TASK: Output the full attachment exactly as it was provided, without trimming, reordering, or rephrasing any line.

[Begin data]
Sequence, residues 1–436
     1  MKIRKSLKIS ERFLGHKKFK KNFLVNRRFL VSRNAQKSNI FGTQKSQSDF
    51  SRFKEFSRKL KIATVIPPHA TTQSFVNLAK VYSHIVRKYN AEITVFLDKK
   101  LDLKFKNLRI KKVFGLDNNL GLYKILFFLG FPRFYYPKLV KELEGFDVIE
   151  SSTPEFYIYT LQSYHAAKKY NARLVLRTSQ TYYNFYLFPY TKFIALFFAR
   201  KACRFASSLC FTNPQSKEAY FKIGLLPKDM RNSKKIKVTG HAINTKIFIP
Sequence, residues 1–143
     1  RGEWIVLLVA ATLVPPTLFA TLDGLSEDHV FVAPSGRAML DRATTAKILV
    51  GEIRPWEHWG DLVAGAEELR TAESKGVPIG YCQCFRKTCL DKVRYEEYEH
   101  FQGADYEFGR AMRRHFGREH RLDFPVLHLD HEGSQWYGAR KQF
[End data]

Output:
Sequence, residues 1–436
     1  MKIRKSLKIS ERFLGHKKFK KNFLVNRRFL VSRNAQKSNI FGTQKSQSDF
    51  SRFKEFSRKL KIATVIPPHA TTQSFVNLAK VYSHIVRKYN AEITVFLDKK
   101  LDLKFKNLRI KKVFGLDNNL GLYKILFFLG FPRFYYPKLV KELEGFDVIE
   151  SSTPEFYIYT LQSYHAAKKY NARLVLRTSQ TYYNFYLFPY TKFIALFFAR
   201  KACRFASSLC FTNPQSKEAY FKIGLLPKDM RNSKKIKVTG HAINTKIFIP
Sequence, residues 1–143
     1  RGEWIVLLVA ATLVPPTLFA TLDGLSEDHV FVAPSGRAML DRATTAKILV
    51  GEIRPWEHWG DLVAGAEELR TAESKGVPIG YCQCFRKTCL DKVRYEEYEH
   101  FQGADYEFGR AMRRHFGREH RLDFPVLHLD HEGSQWYGAR KQF